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Does larger Champagne bottle = more pressure inside?

  1. Nov 12, 2011 #1
    Hello All,

    It's been awhile since I've had to do these calculations, and this might be more of a Gen Chem question, but I thought I'd post it here as well and see the group's feedback.

    A standard (750mL) bottle of champagne has roughly 6 atmospheres (~90psi) of pressure inside.
    Does this pressure increase (or does it stay the same) if the bottle is much larger?

    The reason I'm asking is that my wife (who is in the wine business) has become quite adept at sabring regular champagne bottles. However, she's going to sabre a 9L bottle tonight and I was just wondering if this (much) larger bottle has more pressure inside, or is it just a larger bottle with the same amount of pressure?

    I have found some information here regarding CO2 (dissolved and gaseous):

    http://www.wpi.edu/Academics/Depts/Chemistry/Courses/General/concep10.html

    ...example 10-9.

    ...but, as I mentioned previously, haven't done these kind of calculations in awhile and am a little lost.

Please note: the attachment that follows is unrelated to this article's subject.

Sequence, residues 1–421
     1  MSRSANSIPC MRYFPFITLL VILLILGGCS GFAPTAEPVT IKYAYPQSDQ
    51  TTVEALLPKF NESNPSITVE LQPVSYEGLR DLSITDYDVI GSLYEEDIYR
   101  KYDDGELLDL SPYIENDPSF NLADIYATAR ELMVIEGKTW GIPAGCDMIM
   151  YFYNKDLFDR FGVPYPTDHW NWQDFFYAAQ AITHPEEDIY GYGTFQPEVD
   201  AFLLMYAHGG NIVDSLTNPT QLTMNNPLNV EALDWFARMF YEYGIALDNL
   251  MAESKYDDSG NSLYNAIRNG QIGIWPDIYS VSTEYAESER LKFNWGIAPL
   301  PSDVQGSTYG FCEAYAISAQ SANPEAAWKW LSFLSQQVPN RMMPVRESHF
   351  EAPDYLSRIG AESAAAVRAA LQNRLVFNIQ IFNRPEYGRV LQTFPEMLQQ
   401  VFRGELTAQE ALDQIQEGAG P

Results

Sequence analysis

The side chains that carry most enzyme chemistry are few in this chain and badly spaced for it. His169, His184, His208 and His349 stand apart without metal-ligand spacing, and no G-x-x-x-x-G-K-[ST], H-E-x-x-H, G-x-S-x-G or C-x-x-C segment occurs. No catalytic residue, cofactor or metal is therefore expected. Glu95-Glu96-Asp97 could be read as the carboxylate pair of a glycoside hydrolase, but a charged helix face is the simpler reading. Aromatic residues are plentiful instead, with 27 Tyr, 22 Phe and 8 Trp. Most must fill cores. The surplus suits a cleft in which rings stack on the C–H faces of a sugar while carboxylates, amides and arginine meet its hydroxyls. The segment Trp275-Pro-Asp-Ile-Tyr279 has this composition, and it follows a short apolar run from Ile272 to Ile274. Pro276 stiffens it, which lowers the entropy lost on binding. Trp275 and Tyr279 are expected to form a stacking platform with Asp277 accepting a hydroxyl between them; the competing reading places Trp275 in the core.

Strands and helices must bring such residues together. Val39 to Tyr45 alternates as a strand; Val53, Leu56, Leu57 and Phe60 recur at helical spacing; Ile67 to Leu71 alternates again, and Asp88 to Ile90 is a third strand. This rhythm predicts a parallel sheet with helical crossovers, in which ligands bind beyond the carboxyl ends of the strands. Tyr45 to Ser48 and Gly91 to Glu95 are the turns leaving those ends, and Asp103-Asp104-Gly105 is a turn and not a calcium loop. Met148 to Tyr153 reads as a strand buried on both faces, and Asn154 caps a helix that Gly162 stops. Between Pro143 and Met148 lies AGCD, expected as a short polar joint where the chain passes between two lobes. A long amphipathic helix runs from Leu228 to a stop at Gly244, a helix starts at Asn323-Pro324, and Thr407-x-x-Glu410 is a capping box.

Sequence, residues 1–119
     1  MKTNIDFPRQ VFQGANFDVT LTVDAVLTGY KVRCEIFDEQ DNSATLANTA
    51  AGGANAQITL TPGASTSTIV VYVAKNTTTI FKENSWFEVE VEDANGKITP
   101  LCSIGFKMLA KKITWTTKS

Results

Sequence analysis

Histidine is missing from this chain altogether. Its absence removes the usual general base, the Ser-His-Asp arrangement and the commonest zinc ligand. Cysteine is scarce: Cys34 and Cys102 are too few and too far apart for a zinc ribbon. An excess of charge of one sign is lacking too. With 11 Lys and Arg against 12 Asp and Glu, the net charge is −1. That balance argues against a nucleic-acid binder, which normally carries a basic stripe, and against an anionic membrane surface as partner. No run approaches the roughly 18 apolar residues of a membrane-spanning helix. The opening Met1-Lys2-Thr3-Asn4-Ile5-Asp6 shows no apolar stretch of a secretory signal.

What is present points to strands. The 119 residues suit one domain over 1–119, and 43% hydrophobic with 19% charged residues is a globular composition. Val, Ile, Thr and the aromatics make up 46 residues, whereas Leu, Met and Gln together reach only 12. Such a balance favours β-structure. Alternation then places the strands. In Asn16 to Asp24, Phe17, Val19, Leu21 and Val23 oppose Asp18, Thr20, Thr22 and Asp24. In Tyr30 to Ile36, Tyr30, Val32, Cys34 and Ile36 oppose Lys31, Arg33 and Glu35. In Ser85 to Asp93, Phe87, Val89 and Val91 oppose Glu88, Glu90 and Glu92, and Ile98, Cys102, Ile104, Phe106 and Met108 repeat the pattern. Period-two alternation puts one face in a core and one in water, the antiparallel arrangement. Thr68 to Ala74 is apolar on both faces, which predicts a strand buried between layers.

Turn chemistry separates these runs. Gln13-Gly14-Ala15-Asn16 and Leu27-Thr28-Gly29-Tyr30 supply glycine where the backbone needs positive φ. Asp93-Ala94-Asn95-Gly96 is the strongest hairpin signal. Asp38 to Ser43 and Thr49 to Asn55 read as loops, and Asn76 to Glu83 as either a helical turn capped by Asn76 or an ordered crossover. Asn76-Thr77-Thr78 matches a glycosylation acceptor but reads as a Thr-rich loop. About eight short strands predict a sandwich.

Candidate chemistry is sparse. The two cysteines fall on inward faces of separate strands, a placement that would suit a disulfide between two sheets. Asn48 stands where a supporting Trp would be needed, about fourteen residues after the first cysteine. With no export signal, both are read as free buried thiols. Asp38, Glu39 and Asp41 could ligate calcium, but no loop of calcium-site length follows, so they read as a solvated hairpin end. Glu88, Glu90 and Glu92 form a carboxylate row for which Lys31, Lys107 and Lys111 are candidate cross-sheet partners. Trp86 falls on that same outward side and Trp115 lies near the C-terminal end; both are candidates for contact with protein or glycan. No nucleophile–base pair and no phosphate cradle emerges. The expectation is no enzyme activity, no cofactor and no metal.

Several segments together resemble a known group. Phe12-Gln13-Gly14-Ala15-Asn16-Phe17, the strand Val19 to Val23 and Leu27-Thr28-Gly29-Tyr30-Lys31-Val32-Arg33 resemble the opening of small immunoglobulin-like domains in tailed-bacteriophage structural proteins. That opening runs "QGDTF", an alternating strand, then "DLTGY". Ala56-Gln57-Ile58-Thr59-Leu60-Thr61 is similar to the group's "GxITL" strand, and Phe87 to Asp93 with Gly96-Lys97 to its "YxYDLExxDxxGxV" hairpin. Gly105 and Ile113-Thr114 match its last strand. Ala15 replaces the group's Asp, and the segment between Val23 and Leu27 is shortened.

Any thoughts and the reasons behind them?

    Thanks,

    J.
     
  2. jcsd
  3. Nov 13, 2011 #2
    My thought is that it will be about the same pressure. The pressure inside is developed from the continued fermentation of the champagne in the bottle.

    What difference would the fermentation be if the champagne was in one big 9L bottle or 12 smaller 750mL bottles?
     
  4. Nov 13, 2011 #3

    sophiecentaur

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    The pressure is independent of the volume but there would be much more Energy stored in a larger bottle. If you were to use this energy (the expanding CO2) to drive a small engine of some sort then you would get proportionally more energy out.

    But, as far as what happens to the cork plus the glass neck, the pressure on the cork from the inside is only there whilst the cork is attached and it's the same in both cases. Once the cork comes off, the pressure is dissipated elsewhere. So I can't see that there would be any extra Kinetic Energy imparted to the flying top. In fact, I think the energy would largely come from the heavy sabre, moving at speed.
    It seems to me to be a flashy trick that is actually very safe as long as you don't cut yourself on the glass on the glass or the flying bit. Napoleon, who was reputed to have invented the trick, was keen on dramatic gestures!
     
  5. Nov 13, 2011 #4

    DaveC426913

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    Or, you know, the whole swinging a 3 foot sword in a crowded room of guests... :uhh:
     
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